The author has thoroughly researched this fascinating book about the life of Bob Laycock. This provides a new insight into Laycock and the development of British Special Forces during WWII. Highly Recommended.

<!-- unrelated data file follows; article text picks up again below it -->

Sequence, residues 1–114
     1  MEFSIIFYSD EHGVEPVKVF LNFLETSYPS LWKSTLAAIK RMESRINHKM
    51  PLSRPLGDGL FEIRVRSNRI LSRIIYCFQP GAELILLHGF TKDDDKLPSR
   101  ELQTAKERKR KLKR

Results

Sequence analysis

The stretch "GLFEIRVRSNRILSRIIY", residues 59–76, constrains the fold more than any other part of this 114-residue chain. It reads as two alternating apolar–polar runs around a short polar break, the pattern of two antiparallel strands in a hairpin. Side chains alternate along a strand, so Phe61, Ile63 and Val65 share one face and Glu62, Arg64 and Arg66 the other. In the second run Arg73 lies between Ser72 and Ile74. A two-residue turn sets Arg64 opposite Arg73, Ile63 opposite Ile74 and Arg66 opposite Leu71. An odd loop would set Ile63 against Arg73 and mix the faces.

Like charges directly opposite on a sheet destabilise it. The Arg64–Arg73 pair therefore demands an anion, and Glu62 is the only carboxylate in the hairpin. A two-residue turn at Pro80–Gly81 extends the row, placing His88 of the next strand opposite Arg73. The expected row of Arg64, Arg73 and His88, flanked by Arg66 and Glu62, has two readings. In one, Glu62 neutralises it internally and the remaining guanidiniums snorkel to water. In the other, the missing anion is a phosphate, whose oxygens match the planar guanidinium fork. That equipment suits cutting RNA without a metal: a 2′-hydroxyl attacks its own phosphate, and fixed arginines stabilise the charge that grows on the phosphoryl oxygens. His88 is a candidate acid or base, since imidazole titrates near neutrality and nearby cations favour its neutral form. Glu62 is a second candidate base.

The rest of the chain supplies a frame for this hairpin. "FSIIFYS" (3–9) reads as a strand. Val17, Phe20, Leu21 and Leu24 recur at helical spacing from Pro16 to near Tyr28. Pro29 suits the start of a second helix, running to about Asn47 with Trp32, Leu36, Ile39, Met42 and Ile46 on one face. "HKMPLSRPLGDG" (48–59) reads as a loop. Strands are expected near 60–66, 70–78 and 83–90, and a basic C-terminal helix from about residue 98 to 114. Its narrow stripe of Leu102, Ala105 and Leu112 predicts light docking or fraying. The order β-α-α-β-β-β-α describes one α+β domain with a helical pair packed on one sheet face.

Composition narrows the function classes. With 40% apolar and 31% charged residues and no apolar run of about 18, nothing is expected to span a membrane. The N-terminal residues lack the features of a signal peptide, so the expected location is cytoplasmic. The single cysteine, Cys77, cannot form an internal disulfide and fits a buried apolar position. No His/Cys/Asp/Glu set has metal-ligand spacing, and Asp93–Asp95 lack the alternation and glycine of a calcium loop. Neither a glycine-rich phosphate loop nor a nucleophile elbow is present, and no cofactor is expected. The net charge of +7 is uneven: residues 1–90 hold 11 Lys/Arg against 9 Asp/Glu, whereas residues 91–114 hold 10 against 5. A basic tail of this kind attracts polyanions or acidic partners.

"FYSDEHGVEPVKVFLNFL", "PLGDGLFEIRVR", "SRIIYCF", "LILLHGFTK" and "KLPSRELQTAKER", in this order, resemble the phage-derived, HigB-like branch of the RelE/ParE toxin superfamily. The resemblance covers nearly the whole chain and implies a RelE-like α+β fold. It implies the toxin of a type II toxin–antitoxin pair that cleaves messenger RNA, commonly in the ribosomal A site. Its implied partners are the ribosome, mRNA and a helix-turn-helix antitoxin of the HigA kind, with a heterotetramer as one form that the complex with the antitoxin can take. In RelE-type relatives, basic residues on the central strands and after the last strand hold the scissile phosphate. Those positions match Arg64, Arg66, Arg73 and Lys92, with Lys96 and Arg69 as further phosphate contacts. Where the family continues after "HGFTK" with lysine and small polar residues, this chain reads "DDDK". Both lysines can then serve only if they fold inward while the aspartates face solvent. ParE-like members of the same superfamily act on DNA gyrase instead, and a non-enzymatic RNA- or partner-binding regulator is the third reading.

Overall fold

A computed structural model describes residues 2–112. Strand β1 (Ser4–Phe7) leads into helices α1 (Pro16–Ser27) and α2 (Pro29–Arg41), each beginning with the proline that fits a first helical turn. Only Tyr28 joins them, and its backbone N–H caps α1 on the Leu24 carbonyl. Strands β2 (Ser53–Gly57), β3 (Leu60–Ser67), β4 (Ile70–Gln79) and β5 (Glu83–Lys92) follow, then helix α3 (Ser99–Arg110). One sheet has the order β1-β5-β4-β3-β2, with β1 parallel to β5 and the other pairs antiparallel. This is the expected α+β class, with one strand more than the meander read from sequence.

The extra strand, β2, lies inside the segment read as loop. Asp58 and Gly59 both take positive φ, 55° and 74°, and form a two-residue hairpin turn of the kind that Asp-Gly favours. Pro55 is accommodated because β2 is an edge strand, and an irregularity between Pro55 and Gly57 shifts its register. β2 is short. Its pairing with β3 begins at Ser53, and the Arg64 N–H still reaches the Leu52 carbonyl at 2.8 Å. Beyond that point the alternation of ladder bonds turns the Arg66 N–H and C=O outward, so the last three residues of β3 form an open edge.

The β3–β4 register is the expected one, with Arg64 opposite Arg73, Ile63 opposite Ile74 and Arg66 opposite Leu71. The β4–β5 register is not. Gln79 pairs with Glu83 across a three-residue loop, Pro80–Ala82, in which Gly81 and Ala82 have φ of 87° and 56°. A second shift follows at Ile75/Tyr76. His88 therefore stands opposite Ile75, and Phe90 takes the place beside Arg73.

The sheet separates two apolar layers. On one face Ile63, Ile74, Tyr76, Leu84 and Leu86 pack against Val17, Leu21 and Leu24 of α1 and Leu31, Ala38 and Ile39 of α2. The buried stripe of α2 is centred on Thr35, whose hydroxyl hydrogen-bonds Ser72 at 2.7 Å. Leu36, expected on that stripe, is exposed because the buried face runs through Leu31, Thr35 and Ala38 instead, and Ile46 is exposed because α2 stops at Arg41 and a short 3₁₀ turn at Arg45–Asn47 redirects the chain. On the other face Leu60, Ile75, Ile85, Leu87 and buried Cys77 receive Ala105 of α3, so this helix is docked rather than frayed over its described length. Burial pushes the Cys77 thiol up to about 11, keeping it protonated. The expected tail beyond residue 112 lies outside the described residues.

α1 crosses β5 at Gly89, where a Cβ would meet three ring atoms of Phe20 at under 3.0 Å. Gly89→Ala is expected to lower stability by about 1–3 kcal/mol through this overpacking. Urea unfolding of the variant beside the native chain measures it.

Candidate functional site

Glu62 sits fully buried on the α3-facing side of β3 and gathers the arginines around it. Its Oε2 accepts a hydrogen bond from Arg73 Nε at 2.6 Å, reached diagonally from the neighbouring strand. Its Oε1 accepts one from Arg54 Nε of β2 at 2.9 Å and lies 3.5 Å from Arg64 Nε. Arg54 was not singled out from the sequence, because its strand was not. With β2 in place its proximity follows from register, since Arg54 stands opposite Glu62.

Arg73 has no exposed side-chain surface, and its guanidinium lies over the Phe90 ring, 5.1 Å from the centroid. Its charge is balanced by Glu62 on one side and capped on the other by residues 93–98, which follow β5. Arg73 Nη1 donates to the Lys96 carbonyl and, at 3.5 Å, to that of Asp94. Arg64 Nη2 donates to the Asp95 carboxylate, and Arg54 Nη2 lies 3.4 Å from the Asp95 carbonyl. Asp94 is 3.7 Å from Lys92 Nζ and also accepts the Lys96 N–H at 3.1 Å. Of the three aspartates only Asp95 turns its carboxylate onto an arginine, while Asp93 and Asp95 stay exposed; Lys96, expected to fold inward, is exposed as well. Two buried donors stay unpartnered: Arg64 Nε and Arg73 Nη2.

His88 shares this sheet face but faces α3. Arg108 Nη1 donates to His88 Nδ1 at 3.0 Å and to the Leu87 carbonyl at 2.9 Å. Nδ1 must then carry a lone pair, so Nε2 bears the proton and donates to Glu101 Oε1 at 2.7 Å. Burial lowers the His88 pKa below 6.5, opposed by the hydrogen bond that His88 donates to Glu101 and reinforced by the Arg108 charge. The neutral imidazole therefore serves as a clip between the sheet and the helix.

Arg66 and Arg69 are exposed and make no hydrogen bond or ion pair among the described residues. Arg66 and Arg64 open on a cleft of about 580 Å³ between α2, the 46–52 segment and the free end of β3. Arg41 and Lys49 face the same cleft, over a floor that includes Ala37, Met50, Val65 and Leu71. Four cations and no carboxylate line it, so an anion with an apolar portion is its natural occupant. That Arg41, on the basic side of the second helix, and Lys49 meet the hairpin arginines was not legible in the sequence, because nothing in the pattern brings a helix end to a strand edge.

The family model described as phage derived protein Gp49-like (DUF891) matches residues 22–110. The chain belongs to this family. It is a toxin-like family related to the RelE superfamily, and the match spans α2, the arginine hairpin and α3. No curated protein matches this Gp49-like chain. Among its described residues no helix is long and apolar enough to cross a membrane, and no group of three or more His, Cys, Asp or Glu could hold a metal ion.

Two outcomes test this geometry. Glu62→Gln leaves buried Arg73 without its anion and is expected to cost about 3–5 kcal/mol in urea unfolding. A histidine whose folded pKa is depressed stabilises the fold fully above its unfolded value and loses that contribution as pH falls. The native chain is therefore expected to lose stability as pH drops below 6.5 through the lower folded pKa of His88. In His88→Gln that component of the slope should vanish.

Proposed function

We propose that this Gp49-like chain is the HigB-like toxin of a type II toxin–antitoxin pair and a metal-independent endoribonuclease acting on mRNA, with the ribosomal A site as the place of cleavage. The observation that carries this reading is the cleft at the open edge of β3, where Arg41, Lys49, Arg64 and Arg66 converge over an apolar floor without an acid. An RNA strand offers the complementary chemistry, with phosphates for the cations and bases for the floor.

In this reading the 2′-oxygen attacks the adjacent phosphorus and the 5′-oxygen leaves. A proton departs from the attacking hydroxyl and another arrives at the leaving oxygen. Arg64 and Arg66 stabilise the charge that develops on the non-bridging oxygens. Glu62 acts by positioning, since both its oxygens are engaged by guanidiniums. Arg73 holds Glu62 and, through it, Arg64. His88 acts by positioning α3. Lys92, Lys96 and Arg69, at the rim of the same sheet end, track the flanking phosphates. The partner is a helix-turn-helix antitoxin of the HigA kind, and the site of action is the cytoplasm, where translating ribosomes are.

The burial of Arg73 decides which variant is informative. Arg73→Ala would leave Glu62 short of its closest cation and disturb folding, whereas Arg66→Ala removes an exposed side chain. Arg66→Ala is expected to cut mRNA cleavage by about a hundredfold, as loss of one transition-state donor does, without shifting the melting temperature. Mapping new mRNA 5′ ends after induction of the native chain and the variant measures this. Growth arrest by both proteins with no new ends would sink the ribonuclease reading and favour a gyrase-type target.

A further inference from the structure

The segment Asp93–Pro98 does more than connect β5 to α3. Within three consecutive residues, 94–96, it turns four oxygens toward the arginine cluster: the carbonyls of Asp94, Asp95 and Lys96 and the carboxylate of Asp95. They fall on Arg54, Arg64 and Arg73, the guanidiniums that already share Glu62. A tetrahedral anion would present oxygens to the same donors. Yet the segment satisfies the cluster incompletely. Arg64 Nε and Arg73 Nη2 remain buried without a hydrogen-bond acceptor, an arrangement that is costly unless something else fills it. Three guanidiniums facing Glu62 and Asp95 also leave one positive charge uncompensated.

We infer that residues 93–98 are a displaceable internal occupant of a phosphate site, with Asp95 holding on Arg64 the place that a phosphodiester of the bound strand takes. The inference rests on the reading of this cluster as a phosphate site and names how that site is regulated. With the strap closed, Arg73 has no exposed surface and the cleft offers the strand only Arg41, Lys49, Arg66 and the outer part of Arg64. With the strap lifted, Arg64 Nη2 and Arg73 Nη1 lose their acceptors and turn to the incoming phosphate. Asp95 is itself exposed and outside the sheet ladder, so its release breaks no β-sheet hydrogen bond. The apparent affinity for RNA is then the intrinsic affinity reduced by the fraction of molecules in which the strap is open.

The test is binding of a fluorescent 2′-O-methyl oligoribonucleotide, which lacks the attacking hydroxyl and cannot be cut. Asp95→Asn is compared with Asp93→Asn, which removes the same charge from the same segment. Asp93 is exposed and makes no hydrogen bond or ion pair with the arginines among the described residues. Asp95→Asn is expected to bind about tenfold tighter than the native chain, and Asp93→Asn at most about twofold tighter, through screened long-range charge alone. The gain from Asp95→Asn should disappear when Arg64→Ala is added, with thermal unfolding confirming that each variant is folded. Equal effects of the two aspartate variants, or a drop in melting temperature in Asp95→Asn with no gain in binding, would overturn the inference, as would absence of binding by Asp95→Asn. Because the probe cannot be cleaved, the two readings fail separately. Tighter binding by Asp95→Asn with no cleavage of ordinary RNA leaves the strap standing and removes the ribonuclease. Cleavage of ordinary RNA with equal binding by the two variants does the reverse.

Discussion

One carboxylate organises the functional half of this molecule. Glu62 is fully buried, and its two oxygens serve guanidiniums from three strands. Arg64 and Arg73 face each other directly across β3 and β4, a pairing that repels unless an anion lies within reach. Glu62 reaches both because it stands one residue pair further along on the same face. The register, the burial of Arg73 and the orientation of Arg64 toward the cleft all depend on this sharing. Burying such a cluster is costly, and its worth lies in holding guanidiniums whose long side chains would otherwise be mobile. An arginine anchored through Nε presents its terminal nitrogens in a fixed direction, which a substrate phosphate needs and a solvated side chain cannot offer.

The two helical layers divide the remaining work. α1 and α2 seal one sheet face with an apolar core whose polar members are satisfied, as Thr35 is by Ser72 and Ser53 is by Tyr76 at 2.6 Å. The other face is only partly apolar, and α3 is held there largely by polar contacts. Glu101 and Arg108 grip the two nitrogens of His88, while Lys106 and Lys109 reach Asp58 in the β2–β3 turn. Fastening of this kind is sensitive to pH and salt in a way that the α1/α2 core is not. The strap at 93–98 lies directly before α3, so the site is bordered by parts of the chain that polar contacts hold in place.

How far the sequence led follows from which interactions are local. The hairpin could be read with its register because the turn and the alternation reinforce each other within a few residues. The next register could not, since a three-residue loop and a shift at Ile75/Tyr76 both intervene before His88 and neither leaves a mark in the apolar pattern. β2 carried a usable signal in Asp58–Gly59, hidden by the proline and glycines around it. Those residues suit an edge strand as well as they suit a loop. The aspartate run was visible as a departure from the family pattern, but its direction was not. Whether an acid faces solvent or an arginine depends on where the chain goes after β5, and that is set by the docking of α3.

NAME: Commando General. The Life of Major General Sir Robert Laycock KCMG CB DSO FILE: R2413 AUTHOR: Richard Mead PUBLISHER: Pen & Sword BINDING: hard back PAGES: 240 PRICE: £25.00 GENRE: Non Fiction SUBJECT: WWII, World War 1I, World War Two, Second World War, Middle East, Staff officer, Special Service Brigade, Rommel Raid, Sicily, Salerno, Combined Operations Normandy, Sword Beach, Gold Beach, liberation of Europe, Caen break out, SAS, Governor of Malta ISBN: 1-47385-407-5 IMAGE: B2413.jpg BUYNOW: http://tinyurl.com/jdfwtp2 LINKS: Current Discount Offers http://www.pen-and-sword.co.uk/sale DESCRIPTION: The author has thoroughly researched this fascinating book about the life of Bob Laycock. This provides a new insight into Laycock and the development of British Special Forces during WWII. Highly Recommended. Special Forces were not new to Britain in 1940. The Royal Marines were essentially a Special Force from their inception, in the 17th Century, specifically created to provide the Royal Navy with soldiers who could be employed in 'cutting-out' raids and other actions ashore and afloat where a small but highly trained unit could be profitably employed. The British Army also produced a number of Special Forces, often in response to a new military technology or new tactics that demanded skills not existing in the Regiments and Corps that were used to form armies. This dates back to the Middle Ages with the creation of artillery units, and continued with the formation of the Rifles and their use in Portugal by Wellington as special units and as small groups of marksmen assigned to regular Regiments of Foot. In WWI, the Machine Gun Corps and the Tank Regiment were examples of special forces that were deployed with regular established Regiments to provide new skills and technology. What marked the Special Forces of WWII out from previous special formations and units was that they were specifically intended to be used where regular troops could not reliably be deployed. They became a family of 'private armies' that were specially equipped with vehicles, boats and even aircraft. Some units survived only in the period of hostilities, but most units were to become a permanent part of the forces available to the Royal Navy and the Army for special missions. In 1940, the withdrawal of the BEF and large numbers of French soldiers from the beaches of Dunkirk marked effectively the end of the Battle of France. As most of the BEF's equipment had been left behind, and those unable to get off the beaches were POWs, Britain was in a difficult position. The industrial complex performed miracles in turning out new tanks, guns and aircraft. Emergency purchasing from the US was stepped up to add to the necessary equipment, and a series of new training programs started to turn out large numbers of sailors, soldiers and airmen to use this equipment. In the beginning this was directed to building defences against any attempted German invasion of the British Isles. There was not even the expectation that the hastily rebuilt resources might be used to attack the Germans in the Occupied Territories. Churchill proved to be an aggressive and creative war leader. One of his first actions on taking office was to demand plans to take the war to the Germans. This featured a massive aircraft building program to produce long range heavy bombers that could carry a large bomb load to the furthest reaches of Germany itself. Shipbuilding was expended and some very creative programs got underway to produce very large numbers of Coastal Forces craft for coastal convoy escort, mine sweeping and attacks on enemy shipping. To augment this warship construction, fishing vessels were taken and adapted as armed trawlers for mine sweeping and additional convoy escorts. The more difficult matter was how soldiers might be equipped and trained to raid the enemy coast and to perform special duties in support of infantry and armour in theatres such as North Africa. In 1940, Bob Laycock was a 33 yr old captain, bound for a staff job. His career was transformed when he was selected to command 8 Commando which was one of the first Special Forces units to be formed. In a month he went from Captain to Lt. Colonel. One of the officers he recruited into 8 Commando was David Sterling who was to go on to found the SAS which has become a classic Special Operations force that has been much copied by military organizations around the world. During 1940, British Commandos began raiding Occupied Europe. Initially, this was in very small groups against specific targets. One target was to be port installations and another was to be German radar sites, the latter to capture technology and bring it back to Britain for analysis. One of the early challenges was finding methods of transport. This often meant that a small Commando unit would be parachuted into enemy territory, achieve its objective and be extracted from the nearest beach by gunboats or submarines. As confidence grew, and suitable transport became available, raids became more frequent and larger numbers of Commandos were used. In Laycock's case, he was sent to the Middle East. This was not as successful as hoped, and after heavy losses, without reinforcements being available, his unit was disbanded and he was brought back to command the Special Service Brigade which was the umbrella formation for the Commandos. In 1943, Laycock led his Brigade in the landings on Sicily and Salerno. He was then brought back to Britain to take over Combined Operations from Mountbatten and became the youngest Maj Gen in the British Army. His contribution to the development of Special Forces was considerable for the rest of the war. In 1947, he resigned from the Army and served as Governor of Malta from 1954 to 1959. He was later to become Colonel of the SAS. This was an incredible career and makes great reading.